The use of primative types is usefull in the fact that the variables and functions on the variables are closer to actual machine code and machine types. Due to the fact they are closer, less steps are needed to perform actions on the variables thus there is a speed increase. The downside of primative types is the lack of uniformity, maybe a int can peform this, that and the other but a char cant. Smalltalk treats everything like an object so it provides a more uniform foundation for performing actions on varibles and you can edit the object to and your own kind support for this, that and the other. One advance in smalltalk since everything is an object is that all variables have a type of object and nothing else, where as in java some things are ints an other objects and there are type checks done on the code in the compilation thus limiting the ability of the language.
  1. Most OO languages run on a virtual machine. Java and Smalltalk do. C++ does not. What are the advantages and disadvantages of using a virtual machine for OO programming?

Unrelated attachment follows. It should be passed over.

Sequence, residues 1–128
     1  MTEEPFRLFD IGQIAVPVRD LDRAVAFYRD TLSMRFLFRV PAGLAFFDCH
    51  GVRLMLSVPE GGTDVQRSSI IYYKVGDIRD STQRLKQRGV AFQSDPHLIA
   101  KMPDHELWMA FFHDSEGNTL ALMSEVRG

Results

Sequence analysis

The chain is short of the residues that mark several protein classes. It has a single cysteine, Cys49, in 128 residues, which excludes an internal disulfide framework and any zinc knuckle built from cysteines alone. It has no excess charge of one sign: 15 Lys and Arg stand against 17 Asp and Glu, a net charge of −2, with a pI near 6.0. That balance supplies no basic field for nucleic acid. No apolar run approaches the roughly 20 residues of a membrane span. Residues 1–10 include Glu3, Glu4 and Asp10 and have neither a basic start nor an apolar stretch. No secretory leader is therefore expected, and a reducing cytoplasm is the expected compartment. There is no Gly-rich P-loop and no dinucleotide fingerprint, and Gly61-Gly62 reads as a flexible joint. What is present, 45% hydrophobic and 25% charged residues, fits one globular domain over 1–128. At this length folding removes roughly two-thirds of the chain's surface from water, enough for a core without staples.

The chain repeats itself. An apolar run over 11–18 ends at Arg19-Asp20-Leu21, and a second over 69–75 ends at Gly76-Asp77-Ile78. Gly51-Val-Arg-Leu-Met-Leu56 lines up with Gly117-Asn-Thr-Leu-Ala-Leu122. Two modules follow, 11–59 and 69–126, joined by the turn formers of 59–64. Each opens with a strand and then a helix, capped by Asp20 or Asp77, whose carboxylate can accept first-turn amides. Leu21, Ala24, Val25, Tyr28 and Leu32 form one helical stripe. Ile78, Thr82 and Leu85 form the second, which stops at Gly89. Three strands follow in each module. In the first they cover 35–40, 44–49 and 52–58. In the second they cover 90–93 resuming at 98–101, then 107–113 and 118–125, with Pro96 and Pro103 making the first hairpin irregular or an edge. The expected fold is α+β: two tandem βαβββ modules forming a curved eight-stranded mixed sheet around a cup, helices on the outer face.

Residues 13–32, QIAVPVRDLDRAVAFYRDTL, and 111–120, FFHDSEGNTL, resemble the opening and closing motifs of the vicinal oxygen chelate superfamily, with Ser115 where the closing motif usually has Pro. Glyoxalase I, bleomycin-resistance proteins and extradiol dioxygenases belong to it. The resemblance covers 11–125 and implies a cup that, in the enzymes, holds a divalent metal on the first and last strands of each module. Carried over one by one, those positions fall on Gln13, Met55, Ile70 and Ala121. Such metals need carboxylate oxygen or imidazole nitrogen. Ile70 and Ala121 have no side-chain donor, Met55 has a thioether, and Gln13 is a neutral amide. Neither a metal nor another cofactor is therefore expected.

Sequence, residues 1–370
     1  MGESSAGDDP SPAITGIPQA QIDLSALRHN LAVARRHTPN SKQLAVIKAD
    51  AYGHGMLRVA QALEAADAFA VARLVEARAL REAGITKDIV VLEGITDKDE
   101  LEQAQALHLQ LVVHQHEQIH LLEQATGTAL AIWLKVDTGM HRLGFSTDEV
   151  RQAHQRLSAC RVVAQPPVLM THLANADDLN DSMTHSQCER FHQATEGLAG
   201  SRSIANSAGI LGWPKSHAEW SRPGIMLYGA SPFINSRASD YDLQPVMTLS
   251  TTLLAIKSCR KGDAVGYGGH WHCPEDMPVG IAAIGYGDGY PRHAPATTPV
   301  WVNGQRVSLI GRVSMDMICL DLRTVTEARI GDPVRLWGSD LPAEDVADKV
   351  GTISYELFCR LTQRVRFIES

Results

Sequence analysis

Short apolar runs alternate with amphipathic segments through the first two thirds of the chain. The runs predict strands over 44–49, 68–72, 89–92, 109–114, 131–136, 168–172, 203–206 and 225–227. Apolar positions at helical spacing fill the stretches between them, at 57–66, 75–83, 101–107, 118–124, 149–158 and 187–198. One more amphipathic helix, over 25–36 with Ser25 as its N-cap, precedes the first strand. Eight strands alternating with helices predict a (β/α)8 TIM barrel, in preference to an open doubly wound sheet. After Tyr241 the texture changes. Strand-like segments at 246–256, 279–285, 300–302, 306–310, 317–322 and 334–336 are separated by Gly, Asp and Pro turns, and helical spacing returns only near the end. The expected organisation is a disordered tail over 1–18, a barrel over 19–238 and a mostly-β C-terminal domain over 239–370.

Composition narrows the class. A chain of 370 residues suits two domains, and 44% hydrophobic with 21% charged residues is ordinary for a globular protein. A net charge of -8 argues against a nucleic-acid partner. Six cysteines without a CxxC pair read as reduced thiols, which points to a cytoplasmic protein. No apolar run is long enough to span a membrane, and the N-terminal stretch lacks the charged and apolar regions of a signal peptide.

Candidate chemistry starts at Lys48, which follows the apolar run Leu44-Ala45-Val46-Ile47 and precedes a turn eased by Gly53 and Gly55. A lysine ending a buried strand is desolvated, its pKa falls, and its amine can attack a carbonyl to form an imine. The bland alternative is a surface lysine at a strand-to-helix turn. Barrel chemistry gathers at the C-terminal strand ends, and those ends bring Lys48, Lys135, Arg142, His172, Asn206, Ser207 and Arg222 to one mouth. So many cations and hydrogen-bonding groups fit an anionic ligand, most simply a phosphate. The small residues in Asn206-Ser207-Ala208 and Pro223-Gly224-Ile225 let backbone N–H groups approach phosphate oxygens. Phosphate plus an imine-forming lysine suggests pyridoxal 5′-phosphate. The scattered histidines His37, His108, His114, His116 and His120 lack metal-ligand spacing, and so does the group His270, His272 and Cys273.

Virtual machines are useful because they provide a standard foundation for coding on. The programmer doesnt usually need to worry about what operating system he is designing for, the processing done by the virtual machine will often handle that for him. One of the nicest things about virtual machines is the memory management. In C++ you must allocate memory and free memory when you are done with it, which can often cause problems if you forget to free memory or many other memory problems. The virtual machine does the memory management for you through garbage collection which reduces the effort by the programming to keep track of all the memory issues. For every benifit there must be a drawback, when you program in a language that uses a virtual machine when the code is compiled it is in byte code instead of machine language. It is the is byte code that allows the code to be multiplatform since it will get interpreted by the virtual machine that is installed on whatever operating system you are working on. The key issues here is that one the byte code must be re-interpreted into machine code for execution, so there is a speed loss in using virtual machines. Secondly the virtual machine must be installed on the system, with all the necessary modules also installed. If I program in Python I need the python virtual machine on the client computer and if I use the popular Python GUI toolket wxPython I need to have that installed as well. The same goes with Squeak, I need the virtual machine and the image on the client computer. This is not a problem with C/C++, when I compile an appication for Windows, it generates a machine code application that will run on all windows with very little need for outside resources unless using a non windows standard library.